The match was over after that. As Palmer remembered it recently, “Jackie was competitive, but our match wasn’t competitive.” Chirkanian agreed, but added that Gleason’s reaction to hitting the ball into the tree made for great television.

“The ball looked like it was in a bird’s nest, and Jackie gave the same look he used to do as the Poor Soul character on his show,” Chirkanian said. “That show was a lot of fun to do and it got great ratings.”

Nobody who tuned in to that program thought Gleason would beat a golf champion like Palmer or a pool wizard like Mosconi, just like we know Charlie Brown won’t kick the football and Ralph Kramden’s get-rich-quick scheme will unravel. Gleason didn’t just make himself the butt of the joke; he exulted in it. It brought out the best of his reactions: the cross-eyed twisted face when he’s in pain, the frozen grimace of stage-fright, the exasperated wide-eyed fury when Norton says “Heeelllllo, ball.” The theme of “The Honeymooners” is that you’re stuck with your lot in life, but that it isn’t so bad if you have a loving spouse and one good friend. That might not have been the theme of Gleason’s life, but it doesn’t make it any less appealing.

If his match with Palmer shows Gleason’s rambunctious-showman side (the guy who when feuding with Broadway producer David Merrick had custom golf balls made with Merrick’s face on them), another side of Gleason was attracted to the game’s quiet charms. He was famous among his neighbors at the Inverrary golf community in Florida for playing alone, sometimes as many as 72 holes a day. His status there was such that he simply played through other groups; no one kept the Great One waiting on the tee box. “There wasn’t any small talk; he’d hit and you’d get out of the way,” said Danley.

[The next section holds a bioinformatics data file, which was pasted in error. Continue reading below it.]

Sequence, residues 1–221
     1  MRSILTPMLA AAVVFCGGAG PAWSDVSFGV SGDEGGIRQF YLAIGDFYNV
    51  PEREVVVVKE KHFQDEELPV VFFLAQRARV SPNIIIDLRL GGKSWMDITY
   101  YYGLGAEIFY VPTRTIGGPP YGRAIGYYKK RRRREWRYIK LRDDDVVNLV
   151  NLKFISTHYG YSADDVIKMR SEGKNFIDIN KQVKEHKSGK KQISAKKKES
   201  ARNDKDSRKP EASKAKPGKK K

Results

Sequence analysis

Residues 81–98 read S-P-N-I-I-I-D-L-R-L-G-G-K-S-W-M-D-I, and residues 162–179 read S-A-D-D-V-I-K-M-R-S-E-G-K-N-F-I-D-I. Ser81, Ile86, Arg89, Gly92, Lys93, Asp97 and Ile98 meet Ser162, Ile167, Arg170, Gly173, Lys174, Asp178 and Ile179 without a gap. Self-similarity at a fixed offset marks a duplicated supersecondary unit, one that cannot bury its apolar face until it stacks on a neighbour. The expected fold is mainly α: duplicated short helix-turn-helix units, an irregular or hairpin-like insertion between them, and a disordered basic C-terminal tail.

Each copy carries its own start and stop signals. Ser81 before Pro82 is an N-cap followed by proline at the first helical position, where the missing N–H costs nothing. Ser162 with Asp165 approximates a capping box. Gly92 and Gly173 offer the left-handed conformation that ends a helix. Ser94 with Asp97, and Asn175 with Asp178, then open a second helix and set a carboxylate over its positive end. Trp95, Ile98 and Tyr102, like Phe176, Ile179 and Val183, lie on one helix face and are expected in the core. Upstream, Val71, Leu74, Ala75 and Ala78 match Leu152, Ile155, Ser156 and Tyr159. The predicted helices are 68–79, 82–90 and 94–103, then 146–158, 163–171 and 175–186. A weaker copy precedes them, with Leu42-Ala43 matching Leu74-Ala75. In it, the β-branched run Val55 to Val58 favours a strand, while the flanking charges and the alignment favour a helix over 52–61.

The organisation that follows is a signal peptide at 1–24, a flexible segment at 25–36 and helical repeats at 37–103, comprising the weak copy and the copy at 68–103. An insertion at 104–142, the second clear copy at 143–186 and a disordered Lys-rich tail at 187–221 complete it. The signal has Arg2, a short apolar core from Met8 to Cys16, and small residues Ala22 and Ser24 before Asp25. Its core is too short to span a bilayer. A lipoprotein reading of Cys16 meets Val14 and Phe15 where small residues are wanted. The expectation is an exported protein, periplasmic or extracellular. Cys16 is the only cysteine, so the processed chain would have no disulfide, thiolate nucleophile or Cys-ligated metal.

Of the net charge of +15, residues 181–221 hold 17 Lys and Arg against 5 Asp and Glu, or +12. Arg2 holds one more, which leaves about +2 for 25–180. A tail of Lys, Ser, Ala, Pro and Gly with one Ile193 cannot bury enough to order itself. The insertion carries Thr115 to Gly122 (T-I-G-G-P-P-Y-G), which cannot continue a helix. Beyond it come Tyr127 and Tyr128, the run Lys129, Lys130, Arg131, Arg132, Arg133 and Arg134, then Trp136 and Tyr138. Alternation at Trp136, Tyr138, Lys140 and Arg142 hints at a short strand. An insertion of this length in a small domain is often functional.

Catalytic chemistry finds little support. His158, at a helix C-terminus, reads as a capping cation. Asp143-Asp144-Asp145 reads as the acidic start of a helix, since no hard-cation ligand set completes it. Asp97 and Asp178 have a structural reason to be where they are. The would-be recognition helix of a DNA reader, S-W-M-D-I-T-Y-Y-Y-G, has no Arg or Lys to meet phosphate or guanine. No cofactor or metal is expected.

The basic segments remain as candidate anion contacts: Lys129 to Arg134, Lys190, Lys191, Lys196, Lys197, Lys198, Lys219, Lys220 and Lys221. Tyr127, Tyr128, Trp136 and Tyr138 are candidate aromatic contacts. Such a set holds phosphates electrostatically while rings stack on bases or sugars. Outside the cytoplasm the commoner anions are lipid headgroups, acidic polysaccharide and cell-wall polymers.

“I think golf was the ultimate personal challenge for him,” his stepson Craig Horwich said. “Whatever Jackie did, he had to be the best. When he hosted a golf tournament, he had to have the highest purse. When he did a movie, he had to be the highest paid. But golf isn’t something where you can say, ‘Golf, mastered that, check,’ and that appealed to him.”

Deane Beman, who was PGA Tour commissioner when Gleason hosted the Tour stop, said he saw both sides of Gleason on the golf course.

“I played with Jackie twice,” Beman said. “Was it like playing with Ralph Kramden? That depends. Once we played with people watching us and once it was just our foursome. With people around he definitely felt like he had to perform. The second time, sure there were sparks of Jackie the entertainer, but he was just a guy playing golf with friends.”

Those friends still relish their time with Gleason, who died in 1987. Asked if he played any pool with Gleason, Palmer, a noted stick himself, laughed. “I could beat him at pool, golf, whatever,” Palmer said. “The only thing he could beat me at was drinking.”

What Chirkanian remembers most fondly are not the rounds he played with Gleason, but the time spent at Gleason’s in-house saloon, where they’d go to trade jokes and tall tales, the kind of place where every great day of golf ends.

“We had a lot of fun, a lot of laughs, a lot of whiskey and a lot of lies,” Chirkanian said. “Those were great days. We don’t have days like that anymore. There are no characters anymore.”